The non-for-profit industry, in particular the Community and Disability Services sector, is currently facing major challenges including: pressure to operate under tight conditions, increasing competition, changes in consumer choice, and an increased demand for services, especially with the rollout of the NDIS. This is further compounded by the fact that the policy environment is in a constant state of flux, and the Government has grossly cut back on spending and allocation of subsidies.
Due to significant changes in the funding landscape by the Australian Government, non-profit organisations must re-design the way in which they operate in order to remain afloat in such a competitive, resource-limited environment. Business models that were functional five or ten years ago, are not likely to be as relevant to organisations, as they progress forward over the next five years.
For many non-profit organisations, the only way to survive in such a cut-throat industry, is to stay up to date with the latest digital technology. This includes adopting good client information management software, engaging clients and stakeholders through social media, cloud computing, and mobile application technology; these digital platforms can help organisations, not only improve services and work processes, but grow and adapt to the changing legislative environment.
Understanding the future direction of technology and taking advantage of the opportunities that it can offer is a necessary step in the evolution of the Community and Disability Services sector; this is no different to large enterprises, who use technology to improve work processes, to attract and retain customers, and to update or rebrand products and services. Few companies can create or deliver products effectively without using technology. Success doesn’t necessarily mean adopting the latest in cutting edge technology, however, it does mean integrating some sort of technology in business in order to improve workforce planning, efficiency and productivity.
The roadblocks associated with the implementation of the NDIS, are likely to propel many Community Service Providers and other small non-profits into a rapidly changing environment, where they must keep up with technology in order to gain a foothold in the market, or otherwise face having to close their doors..
One example of innovative technology currently being used in the not-for-profit aged care sector, is The Bethanie Wellness Hub, a tablet device which connects clients with a range of services, including social interaction, entertainment, health monitoring and education, and emergency assistance. This is all achieved through the all-in-one, integrated portal, which remotely monitors customers via passive-infrared motion sensors, which detect movement within rooms.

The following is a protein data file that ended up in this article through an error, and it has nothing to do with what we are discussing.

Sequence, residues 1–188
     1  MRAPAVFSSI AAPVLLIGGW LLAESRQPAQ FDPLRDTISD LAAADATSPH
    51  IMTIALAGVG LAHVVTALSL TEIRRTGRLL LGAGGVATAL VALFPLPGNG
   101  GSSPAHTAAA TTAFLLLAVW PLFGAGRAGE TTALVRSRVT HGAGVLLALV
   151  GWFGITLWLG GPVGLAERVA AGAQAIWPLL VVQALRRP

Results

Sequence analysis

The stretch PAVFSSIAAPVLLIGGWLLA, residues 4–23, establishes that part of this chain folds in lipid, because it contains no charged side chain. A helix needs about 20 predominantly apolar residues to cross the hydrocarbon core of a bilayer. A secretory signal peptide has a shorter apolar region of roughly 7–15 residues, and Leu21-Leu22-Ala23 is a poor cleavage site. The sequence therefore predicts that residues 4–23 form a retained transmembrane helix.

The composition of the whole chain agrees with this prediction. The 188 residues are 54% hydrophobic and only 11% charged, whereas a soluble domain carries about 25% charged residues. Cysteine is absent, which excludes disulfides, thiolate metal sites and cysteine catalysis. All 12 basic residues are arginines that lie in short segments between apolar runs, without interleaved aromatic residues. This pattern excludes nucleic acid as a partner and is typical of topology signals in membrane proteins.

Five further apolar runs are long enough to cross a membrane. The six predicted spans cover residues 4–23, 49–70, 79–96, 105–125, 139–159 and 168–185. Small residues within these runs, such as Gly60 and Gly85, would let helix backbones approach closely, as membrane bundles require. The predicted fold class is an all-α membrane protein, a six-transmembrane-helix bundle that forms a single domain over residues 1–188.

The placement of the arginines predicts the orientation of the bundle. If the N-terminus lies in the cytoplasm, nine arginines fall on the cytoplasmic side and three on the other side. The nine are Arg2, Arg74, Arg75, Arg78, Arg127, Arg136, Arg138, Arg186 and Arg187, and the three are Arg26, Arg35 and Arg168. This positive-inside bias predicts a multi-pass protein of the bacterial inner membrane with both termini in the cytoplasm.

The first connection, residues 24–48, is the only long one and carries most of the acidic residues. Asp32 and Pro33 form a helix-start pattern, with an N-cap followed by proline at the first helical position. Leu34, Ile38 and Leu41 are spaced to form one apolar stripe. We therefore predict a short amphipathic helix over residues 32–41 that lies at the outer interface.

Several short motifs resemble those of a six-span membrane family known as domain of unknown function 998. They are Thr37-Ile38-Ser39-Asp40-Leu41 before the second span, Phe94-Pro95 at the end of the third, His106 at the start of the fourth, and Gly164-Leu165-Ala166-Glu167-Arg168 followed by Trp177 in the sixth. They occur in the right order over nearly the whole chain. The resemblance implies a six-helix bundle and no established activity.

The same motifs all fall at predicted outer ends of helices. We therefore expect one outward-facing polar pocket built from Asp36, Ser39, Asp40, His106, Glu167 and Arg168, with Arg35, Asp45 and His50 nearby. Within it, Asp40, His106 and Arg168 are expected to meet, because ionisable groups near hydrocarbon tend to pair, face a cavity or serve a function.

Using smart technology, the system studies a customer’s daily routine, and will alert nominated contacts, if a remarkable change in pattern is detected. The system is also capable of recording health attributes such as blood pressure, pulse, blood oxygen and blood glucose levels. All this works in synergy to allow residents to remain living independently and to feel more connected to the outside world.
Examples like this are only one of a multitude of sophisticated ways in which Community Service Providers are using technology to improve the effectiveness and efficiency of their organisation’s information and service delivery systems. Interactive websites, mobile phone applications and social media are just some of the other digital platforms which are key to automating administrative processes, improving accessibility for clients, and allowing service providers to quickly access client information.
The use of technology in itself does not guarantee a business will thrive, nor will it directly enhance client care, however, the positive impact of technology in the community services and disability sector is apparent, and can improve communication between client and provider, cut down costs, and strengthen operational efficiency and service delivery effectiveness.
Finding a suitable software solution, that is easy to navigate and engaging to staff, is necessary in order to improve administration and service delivery, and drive productivity. SoNET Systems iCase is a web based application delivered to your browser from SoNET’s Cloud (SaaS – Service as a Services) and is built to improve the operations of Community Service organisations, and ultimately enhance provider’s results. With features such as automated processing, record keeping and online document management features, iCase has the potential to meet all necessary NDIS reporting obligations, and allows for overall improved management, performance and participant outcomes.
Regardless of the size or location of your organisation’s business, iCase’s Community Service Provider software WILL provide you with savings, efficiencies, compliance & performance improvements.